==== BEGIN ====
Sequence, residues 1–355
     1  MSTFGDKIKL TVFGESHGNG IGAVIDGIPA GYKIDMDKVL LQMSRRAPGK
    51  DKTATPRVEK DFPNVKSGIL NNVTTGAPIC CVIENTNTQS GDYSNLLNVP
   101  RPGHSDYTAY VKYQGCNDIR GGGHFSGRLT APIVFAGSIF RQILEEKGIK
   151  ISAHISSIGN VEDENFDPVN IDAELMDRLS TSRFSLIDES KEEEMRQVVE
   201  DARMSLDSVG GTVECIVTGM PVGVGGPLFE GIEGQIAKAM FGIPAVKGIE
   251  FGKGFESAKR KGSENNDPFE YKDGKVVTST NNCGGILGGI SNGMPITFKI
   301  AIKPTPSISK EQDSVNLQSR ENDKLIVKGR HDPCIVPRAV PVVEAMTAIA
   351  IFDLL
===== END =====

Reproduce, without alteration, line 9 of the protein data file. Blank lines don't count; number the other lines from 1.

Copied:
   351  IFDLL